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Imputing total expenditures from a non-exhaustive list of items: An empirical assessment using the SAVE data set

  • Lothar Essig

    ()

    (Munich Center for the Economics of Aging (MEA))

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    General purpose surveys typically refrain from using an exhaustive list of consumption expenditure items since the gain of more precise data on consumption is usually more than offset by the large increase in interview time and respondent effort which reduces re-sponse willingness. An alternative is to ask respondents a non-exhaustive list of consumption expenditure items and use those items to impute total consumption by the use of an external data source. This paper uses the SAVE (internal) and EVS (external) data sets to apply such a procedure.

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    File URL: http://mea.mpisoc.mpg.de/uploads/user_mea_discussionpapers/7z5yhps9x0jf9dnx_81-2005.pdf
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    Paper provided by Munich Center for the Economics of Aging (MEA) at the Max Planck Institute for Social Law and Social Policy in its series MEA discussion paper series with number 05081.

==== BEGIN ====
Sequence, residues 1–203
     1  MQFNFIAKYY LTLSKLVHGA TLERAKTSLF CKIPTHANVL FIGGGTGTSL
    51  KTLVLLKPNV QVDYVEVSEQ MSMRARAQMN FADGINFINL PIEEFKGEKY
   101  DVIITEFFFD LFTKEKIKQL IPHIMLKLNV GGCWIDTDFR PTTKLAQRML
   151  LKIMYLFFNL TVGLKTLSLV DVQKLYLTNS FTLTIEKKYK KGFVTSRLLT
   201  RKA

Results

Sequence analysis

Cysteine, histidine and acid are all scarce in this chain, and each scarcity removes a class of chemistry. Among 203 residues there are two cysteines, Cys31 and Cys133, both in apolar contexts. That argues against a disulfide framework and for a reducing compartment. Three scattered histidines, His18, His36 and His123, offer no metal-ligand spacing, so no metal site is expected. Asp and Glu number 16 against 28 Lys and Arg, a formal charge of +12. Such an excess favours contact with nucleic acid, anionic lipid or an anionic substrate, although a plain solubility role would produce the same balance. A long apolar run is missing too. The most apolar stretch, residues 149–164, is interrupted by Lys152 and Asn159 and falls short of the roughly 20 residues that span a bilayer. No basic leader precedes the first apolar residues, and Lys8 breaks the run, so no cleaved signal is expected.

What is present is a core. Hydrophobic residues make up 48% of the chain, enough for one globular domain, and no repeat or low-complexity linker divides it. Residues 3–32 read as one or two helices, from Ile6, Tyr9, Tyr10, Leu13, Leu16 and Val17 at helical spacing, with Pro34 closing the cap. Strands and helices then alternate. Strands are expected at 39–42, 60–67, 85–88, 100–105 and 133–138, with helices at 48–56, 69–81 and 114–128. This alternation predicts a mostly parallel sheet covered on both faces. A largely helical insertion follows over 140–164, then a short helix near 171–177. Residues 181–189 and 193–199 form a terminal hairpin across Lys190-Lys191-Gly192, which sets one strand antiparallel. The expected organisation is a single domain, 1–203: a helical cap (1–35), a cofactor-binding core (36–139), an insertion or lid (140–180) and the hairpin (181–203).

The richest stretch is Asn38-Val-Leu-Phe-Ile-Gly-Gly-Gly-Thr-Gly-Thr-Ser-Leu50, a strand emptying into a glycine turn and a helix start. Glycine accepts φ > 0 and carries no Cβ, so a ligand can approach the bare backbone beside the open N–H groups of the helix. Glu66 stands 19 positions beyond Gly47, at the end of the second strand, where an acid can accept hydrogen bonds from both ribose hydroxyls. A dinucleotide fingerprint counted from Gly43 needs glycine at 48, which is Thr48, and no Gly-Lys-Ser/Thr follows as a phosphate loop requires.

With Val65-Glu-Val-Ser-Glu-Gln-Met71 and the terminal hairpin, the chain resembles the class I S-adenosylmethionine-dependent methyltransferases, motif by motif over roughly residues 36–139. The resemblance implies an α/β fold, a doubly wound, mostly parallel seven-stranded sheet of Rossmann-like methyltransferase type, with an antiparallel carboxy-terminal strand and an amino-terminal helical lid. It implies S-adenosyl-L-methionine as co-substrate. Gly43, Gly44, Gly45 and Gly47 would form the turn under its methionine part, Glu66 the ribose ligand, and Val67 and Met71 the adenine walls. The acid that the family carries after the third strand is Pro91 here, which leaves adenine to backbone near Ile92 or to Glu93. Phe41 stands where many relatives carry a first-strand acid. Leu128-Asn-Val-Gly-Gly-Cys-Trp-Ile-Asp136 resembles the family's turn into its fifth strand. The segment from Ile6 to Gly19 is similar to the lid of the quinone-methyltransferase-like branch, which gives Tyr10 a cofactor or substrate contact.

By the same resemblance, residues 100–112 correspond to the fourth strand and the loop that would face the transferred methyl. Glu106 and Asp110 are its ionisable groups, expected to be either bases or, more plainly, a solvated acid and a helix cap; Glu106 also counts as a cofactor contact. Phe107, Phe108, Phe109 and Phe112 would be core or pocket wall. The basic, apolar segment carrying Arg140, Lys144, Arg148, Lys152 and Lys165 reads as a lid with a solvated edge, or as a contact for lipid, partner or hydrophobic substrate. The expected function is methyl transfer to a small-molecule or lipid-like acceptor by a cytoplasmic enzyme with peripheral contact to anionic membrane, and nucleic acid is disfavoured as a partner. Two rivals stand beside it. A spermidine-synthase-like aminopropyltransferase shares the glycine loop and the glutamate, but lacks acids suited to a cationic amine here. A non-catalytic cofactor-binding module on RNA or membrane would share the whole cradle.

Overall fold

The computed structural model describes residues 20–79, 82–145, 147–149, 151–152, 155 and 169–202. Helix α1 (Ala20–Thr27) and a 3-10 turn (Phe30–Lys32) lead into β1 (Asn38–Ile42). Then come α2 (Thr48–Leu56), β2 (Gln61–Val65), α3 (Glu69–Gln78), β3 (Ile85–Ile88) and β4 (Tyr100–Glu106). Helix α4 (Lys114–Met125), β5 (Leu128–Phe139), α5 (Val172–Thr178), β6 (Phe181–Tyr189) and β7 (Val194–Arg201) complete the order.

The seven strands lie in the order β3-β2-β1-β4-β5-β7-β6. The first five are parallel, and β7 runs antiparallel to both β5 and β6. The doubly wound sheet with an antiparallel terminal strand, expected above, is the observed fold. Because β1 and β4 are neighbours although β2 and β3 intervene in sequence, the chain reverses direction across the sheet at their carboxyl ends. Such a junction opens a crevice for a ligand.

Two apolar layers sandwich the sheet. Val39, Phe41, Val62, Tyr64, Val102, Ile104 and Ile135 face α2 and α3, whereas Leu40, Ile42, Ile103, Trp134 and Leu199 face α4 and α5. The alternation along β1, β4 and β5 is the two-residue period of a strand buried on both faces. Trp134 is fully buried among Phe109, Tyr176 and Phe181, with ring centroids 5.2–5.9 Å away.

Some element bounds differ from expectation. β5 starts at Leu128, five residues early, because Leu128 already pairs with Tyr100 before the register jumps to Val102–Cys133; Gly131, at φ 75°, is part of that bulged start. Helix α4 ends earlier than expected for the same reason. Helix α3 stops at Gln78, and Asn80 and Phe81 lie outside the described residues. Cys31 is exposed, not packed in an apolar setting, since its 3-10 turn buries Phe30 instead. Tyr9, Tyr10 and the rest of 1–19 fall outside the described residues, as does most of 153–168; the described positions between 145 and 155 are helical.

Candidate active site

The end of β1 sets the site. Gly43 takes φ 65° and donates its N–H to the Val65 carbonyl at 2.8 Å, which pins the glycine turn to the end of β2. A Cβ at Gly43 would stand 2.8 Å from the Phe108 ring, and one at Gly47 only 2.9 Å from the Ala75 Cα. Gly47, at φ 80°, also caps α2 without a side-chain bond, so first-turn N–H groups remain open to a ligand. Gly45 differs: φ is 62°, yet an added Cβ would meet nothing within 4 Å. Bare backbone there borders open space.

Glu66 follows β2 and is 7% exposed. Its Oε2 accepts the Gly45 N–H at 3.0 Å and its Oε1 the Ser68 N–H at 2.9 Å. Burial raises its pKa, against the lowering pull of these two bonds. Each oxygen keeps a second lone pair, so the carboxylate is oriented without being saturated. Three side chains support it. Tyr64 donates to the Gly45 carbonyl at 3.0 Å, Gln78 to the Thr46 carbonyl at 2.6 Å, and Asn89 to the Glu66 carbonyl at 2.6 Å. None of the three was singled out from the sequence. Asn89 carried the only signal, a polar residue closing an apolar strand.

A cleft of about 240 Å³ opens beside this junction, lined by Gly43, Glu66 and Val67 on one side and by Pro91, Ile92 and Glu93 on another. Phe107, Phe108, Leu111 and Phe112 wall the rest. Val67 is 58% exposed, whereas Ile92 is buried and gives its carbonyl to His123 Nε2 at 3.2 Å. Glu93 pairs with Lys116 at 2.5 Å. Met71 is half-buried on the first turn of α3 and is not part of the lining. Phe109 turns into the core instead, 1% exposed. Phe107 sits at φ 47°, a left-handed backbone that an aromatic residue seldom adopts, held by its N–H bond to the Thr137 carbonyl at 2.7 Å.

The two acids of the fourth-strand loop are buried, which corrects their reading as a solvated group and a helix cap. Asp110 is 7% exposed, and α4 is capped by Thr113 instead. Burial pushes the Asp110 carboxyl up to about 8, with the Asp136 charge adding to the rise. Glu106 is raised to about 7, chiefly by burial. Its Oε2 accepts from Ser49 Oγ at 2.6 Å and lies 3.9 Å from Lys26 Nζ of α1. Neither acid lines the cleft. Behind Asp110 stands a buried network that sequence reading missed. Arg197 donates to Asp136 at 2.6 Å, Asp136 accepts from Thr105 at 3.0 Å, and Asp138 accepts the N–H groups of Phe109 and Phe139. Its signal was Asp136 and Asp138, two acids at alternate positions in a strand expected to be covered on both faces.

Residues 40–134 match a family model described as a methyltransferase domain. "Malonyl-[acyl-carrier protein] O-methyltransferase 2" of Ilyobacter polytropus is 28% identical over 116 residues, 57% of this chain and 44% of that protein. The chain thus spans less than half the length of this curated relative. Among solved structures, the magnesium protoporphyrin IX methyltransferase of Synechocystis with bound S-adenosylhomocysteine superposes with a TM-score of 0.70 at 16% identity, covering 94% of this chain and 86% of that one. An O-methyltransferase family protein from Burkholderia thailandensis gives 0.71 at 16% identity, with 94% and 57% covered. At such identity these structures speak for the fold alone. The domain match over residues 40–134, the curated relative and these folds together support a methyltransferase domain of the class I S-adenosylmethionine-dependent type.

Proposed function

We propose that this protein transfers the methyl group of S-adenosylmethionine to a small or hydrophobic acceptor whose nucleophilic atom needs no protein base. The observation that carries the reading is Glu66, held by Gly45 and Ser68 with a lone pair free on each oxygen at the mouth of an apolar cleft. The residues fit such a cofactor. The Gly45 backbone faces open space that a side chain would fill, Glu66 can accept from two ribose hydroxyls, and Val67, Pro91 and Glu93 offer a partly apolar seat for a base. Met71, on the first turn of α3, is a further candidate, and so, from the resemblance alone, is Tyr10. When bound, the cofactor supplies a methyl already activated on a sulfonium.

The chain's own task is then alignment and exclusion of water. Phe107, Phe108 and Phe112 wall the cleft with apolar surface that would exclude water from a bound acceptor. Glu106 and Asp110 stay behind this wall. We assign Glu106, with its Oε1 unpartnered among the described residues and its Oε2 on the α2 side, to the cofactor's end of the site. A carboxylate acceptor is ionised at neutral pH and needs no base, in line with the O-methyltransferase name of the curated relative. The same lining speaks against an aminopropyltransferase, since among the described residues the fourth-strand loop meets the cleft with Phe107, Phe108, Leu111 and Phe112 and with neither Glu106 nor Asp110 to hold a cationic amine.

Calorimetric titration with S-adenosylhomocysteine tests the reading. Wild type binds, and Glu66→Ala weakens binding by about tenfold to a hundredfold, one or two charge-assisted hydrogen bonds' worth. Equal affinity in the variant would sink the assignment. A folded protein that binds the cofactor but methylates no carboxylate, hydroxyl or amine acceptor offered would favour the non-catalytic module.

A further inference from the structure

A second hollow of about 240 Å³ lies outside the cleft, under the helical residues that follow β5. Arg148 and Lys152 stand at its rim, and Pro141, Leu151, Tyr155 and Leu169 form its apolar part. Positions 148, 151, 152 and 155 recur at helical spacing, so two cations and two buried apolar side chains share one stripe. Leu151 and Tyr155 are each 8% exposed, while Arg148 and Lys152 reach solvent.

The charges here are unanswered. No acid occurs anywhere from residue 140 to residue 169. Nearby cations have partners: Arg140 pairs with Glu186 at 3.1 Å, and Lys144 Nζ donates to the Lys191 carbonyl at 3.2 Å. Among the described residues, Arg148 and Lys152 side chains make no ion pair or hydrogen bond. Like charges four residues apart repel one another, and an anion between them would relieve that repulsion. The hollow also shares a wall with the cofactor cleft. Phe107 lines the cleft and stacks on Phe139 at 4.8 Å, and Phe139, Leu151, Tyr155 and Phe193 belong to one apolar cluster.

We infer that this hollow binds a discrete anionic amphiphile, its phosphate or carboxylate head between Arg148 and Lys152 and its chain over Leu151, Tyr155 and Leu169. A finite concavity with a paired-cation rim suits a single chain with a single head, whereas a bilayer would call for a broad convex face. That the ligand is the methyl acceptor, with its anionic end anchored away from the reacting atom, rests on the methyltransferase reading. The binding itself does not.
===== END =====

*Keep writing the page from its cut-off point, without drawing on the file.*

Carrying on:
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    Date of creation: 21 Jun 2005
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    Handle: RePEc:mea:meawpa:05081
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    1. Joachim Winter, 2004. "Response bias in survey-based measures of household consumption," Economics Bulletin, AccessEcon, vol. 3(9), pages 1-12.
    2. Michael D. Hurd & Daniel McFadden & Harish Chand & Li Gan & Angela Menill & Michael Roberts, 1998. "Consumption and Savings Balances of the Elderly: Experimental Evidence on Survey Response Bias," NBER Chapters, in: Frontiers in the Economics of Aging, pages 353-392 National Bureau of Economic Research, Inc.
    3. Erich Battistin & Raffaele Miniaci & Guglielmo Weber, 2003. "What do we learn from recall consumption data?," Temi di discussione (Economic working papers) 466, Bank of Italy, Economic Research and International Relations Area.
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